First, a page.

A national strategy is being developed to address the negative impact of red tape on small businesses and cooperatives, Small Business Development Minister Lindiwe Zulu announced on Thursday.
“We are in the process of developing a National Red Tape Reduction Strategy, which will provide clarity on the logic, model and theory of change that underlie various red tape interventions and methodologies, and their associated advantages and disadvantages,” Zulu said.
Zulu said the strategy will provide clarity on which interventions and methodologies South Africa will prioritise, and it will be accompanied by a clear programme of action.
Once the strategy has been developed, the Minister said her department will focus on its operationalisation over the next Medium Term Strategic Framework (MTSF) year cycle.
Zulu made the announcement at the 5th National Small, Medium and Micro Enterprises (SMMEs) Policy Colloquium in Boksburg, Gauteng.
The colloquium places emphasis on the development and support for SMMEs and cooperatives in townships and rural communities, and locates local economic development as central to the development of these underserved areas.
The two-day meeting is hosted by the Department of Small Business Development, in partnership with the Small Business Development Institute (SBDI) and the City of Ekurhuleni. It is held under the theme ‘THUMA-MINA: Creating and supporting economically active and viable towSA:nship and rural economies’.
Red Tape Guidelines for municipalities
Zulu said her department will also review the existing Red Tape Guidelines for Municipalities and develop National Guidelines for Red Tape Reduction that are aligned to the National Strategy for Red Tape Reduction.
She also announced that the department has commissioned the analysis and amendments to Schedule 1 of the National Small Enterprises Act, which defines what SMMEs are.
“Adopting the new definitions and the updated schedule will establish a platform for a ‘single version of the truth’ when reporting and measuring the impact of investment in SMMEs on economic growth and job creation. This review of the definition will provide for a single definition and application of what SMMEs are,” Zulu explained.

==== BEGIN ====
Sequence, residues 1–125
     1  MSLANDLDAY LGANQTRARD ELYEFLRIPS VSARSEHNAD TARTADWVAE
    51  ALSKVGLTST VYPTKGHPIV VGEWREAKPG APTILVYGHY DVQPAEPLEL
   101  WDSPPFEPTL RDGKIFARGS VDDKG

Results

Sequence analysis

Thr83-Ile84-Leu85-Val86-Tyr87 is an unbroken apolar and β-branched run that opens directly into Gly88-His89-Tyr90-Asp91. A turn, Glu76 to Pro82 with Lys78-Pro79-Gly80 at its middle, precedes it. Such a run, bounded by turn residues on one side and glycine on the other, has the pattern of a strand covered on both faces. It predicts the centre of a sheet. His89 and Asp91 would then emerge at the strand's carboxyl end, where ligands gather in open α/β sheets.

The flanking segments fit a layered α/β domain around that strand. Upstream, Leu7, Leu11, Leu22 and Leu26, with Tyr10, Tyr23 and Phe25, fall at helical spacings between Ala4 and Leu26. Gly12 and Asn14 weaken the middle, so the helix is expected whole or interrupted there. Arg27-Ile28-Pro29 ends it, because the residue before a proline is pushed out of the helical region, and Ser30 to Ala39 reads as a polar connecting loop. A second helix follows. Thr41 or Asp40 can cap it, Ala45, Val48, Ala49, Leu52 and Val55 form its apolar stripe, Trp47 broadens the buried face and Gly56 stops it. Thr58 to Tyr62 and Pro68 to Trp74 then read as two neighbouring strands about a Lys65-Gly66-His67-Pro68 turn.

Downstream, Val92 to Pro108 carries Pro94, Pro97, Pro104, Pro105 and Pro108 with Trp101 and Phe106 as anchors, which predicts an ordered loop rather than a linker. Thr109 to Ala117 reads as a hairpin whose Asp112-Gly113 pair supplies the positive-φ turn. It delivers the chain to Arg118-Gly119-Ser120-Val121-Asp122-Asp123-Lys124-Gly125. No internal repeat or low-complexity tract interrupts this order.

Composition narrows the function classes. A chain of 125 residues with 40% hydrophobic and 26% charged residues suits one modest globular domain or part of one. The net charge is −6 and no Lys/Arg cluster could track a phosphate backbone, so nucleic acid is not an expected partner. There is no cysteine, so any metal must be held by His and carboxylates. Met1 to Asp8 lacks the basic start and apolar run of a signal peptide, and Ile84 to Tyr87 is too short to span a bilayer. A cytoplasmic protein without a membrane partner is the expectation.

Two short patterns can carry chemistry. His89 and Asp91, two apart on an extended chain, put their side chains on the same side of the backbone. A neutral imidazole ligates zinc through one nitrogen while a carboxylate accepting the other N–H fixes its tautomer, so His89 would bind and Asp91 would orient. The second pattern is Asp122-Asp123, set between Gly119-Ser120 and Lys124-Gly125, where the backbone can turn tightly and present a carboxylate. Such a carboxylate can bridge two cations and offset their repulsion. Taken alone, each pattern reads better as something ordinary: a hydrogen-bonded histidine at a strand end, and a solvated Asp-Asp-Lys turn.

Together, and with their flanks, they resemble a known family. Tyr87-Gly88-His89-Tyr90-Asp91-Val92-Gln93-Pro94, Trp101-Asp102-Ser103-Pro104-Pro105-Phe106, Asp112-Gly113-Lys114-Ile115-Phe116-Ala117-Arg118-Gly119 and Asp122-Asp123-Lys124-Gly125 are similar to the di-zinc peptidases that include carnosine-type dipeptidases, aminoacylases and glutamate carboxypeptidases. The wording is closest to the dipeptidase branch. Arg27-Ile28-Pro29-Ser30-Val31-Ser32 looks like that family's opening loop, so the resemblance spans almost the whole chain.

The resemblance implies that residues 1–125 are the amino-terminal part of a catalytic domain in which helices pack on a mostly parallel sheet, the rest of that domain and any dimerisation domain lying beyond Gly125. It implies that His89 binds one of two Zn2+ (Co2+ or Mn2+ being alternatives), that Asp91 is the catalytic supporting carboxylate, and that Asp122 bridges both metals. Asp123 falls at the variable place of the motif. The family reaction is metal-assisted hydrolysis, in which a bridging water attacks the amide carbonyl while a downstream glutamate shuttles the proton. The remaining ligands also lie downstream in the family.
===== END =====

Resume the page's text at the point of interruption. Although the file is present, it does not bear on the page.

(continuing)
The schedule was gazetted for public comment on 12 October 2018.
Zulu further announced that the department’s Monitoring and Evaluation Unit is currently collaborating with National Treasury on the monitoring of implementation on the 30% set-aside for categories of SMMEs and co-operatives to address the linkage of SMMEs to public sector procurement opportunities.
This follows a study the department undertook in June 2017, which found that 71% of co-operatives were operational and the remainder were not. The study found that the co-operatives sector was besieged with a number of challenges, including limited understanding of the co-operative principles, lack of entrepreneurial spirit, and lack of access to finance and markets.
Zulu said her department has developed a draft Enterprise and Supplier Development Framework, with the aim of coordinating and facilitating a portfolio approach to enterprise and supplier development.
Enterprise and supplier development is a prescribed priority element in the Black Economic Empowerment Act, 2003 (No. 53 of 2003), as amended.
Small Business Development Institute CEO, Xolani Qubeka, said all the stakeholders have a huge task in helping co-operatives to scale up.
“We have a singular responsibility to mobilise and work with our communities in expanding the economic landscape of our country,” Qubeka said.